Marks & Spencer has announced today that Jill McDonald is leaving the business nearly two years after taking over as managing director of clothing and home.
M&S CEO Steve Rowe will be taking over the leadership of the business directly in the short term, stating that supply chain issues in the category need to be addressed quickly.
Ms McDonald joined Marks & Spencer in autumn 2017 as the retailer began a huge transformation plan, which has seen it shut stores and revamp its management. Her background included senior roles at Halfords and McDonalds and some suggested she wasn’t the obvious choice for the role. However, in its latest results for the year ended March 2019, M&S said it had spent the past two years building “a substantially new leadership team, bringing fresh perspective, energy and challenge to a business held back by deeply entrenched cultural norms”.
Announcing Ms McDonald’s departure, Mr Rowe said: “Jill was brought in to establish a strong platform for the transformation of the clothing and home business. She has achieved that; she leaves with my thanks and good wishes for the future. She has recruited a talented team, improved the quality and style of product and set a clear direction for the business to attract a younger family age customer.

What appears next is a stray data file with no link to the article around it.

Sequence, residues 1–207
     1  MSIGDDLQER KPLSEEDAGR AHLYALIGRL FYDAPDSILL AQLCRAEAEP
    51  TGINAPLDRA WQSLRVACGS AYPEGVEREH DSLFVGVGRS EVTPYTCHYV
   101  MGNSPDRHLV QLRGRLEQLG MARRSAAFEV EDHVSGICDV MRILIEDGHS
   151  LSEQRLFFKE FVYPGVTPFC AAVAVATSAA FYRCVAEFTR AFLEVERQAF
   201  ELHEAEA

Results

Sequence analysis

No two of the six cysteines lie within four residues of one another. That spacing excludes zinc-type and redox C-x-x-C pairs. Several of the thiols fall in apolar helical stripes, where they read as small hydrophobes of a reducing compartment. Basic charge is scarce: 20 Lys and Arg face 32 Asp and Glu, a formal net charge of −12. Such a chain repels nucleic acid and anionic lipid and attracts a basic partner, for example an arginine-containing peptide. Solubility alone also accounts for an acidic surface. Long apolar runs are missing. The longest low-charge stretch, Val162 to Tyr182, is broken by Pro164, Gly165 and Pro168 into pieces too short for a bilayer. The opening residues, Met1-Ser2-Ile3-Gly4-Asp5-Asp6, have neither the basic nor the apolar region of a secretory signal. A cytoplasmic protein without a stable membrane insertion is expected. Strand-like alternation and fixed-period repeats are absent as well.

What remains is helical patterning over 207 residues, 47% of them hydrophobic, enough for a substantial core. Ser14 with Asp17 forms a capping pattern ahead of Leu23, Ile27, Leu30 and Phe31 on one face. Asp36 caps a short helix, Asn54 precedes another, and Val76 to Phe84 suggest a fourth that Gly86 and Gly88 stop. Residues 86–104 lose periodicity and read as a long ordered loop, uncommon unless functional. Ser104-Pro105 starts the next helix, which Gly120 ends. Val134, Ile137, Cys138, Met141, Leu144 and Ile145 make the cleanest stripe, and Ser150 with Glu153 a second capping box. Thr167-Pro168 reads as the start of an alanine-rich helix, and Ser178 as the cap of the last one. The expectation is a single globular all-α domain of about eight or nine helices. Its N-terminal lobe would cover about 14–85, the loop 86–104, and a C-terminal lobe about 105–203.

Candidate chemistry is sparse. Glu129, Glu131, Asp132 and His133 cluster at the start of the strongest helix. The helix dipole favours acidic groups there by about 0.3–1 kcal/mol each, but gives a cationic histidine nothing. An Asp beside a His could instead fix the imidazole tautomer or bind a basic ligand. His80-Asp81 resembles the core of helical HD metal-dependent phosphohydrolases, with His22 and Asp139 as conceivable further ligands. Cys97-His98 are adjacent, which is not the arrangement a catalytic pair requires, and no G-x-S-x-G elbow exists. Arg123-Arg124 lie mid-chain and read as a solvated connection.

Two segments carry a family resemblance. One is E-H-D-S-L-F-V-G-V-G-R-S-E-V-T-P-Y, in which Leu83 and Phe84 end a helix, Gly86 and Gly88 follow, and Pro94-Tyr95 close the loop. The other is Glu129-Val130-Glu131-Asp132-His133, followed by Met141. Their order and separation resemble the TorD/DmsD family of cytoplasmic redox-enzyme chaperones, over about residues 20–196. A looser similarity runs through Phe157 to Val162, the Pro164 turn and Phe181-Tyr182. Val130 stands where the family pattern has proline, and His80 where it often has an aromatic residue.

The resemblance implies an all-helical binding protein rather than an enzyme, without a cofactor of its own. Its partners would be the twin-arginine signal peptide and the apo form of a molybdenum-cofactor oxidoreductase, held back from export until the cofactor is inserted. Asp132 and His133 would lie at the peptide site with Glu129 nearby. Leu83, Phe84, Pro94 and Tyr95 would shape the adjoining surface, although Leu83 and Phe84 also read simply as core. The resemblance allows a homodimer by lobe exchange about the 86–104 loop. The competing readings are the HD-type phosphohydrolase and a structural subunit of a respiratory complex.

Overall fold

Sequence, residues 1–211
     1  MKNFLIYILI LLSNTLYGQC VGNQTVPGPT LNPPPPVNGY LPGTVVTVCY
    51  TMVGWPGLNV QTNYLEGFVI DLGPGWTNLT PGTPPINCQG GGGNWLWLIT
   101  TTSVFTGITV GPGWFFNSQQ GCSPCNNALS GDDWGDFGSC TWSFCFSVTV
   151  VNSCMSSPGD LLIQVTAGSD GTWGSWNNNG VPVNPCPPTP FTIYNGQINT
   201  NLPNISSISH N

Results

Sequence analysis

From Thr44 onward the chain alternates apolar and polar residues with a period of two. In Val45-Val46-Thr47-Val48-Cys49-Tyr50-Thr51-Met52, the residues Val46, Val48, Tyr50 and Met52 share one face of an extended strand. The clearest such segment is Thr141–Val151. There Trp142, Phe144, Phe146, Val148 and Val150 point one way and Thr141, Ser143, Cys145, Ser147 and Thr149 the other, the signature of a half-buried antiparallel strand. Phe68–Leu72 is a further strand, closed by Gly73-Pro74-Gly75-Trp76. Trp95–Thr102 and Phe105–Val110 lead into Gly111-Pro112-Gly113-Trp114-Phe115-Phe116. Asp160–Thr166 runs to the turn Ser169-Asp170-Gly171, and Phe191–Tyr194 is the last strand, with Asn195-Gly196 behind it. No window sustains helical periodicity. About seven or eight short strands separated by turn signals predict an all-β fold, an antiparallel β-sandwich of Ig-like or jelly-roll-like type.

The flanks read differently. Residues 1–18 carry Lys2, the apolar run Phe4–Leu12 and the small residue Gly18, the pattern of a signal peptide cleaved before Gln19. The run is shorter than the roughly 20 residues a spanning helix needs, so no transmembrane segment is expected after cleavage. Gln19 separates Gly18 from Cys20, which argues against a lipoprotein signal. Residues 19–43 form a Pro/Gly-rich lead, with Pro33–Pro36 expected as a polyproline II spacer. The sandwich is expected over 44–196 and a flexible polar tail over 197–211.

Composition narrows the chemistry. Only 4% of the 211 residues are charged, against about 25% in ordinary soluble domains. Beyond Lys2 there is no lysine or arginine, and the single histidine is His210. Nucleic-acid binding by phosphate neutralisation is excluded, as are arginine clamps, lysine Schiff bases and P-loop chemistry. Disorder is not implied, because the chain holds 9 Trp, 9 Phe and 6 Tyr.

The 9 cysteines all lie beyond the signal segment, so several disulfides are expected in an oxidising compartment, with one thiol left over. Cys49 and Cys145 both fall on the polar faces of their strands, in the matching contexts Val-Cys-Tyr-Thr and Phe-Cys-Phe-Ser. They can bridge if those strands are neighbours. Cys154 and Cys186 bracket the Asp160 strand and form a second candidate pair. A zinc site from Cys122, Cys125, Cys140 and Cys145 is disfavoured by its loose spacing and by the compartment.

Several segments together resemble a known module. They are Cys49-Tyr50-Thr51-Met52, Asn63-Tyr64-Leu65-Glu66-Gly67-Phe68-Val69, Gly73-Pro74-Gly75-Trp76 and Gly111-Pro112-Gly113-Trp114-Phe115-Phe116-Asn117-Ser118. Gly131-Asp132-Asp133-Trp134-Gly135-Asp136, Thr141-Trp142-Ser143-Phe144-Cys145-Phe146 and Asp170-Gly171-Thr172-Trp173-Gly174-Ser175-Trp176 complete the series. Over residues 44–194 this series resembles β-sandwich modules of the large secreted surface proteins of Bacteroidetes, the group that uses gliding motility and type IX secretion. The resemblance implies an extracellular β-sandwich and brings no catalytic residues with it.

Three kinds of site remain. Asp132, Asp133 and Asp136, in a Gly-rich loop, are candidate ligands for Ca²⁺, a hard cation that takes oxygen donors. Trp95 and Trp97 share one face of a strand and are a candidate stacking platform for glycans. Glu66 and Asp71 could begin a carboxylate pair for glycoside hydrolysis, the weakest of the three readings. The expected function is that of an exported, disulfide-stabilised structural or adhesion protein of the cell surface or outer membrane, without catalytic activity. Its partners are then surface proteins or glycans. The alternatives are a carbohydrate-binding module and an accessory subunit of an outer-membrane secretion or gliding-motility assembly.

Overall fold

“The business now needs to move on at pace to address long-standing issues in our clothing and home supply chain around availability and flow of product. Given the importance of this task to M&S, I will be overseeing this programme directly.”
In its latest full-year results, M&S revealed revenue was down 3.6% in its UK clothing & home business, impacted by store closures, with like-for-like revenue down 1.6%. Gross margin was up 20bps, driven by 14% lower stock into sale.
It described “encouraging signs of progress in Q3”, particularly online, but this was constrained by weak availability in Q4, as the retailer sold out of a number of fast-selling lines.
As much as 22% of M&S’ home and clothing revenue in the UK is now online, compared with 19% last year. Investment in updating the basics of its website has also helped to deliver growth in the category of 9.8% in FY 18/19. During Q3, when we had strong seasonal demand, growth was well into double digits.
Commenting on the results when they were published in May, Mr Rowe said: “M&S is changing faster than at any time in my career - substantial changes across the business to our processes, ranges and operations and this has constrained this year’s performance, particularly in clothing & home. However, we remain on track with our transformation and are now well on the road to making M&S special again.”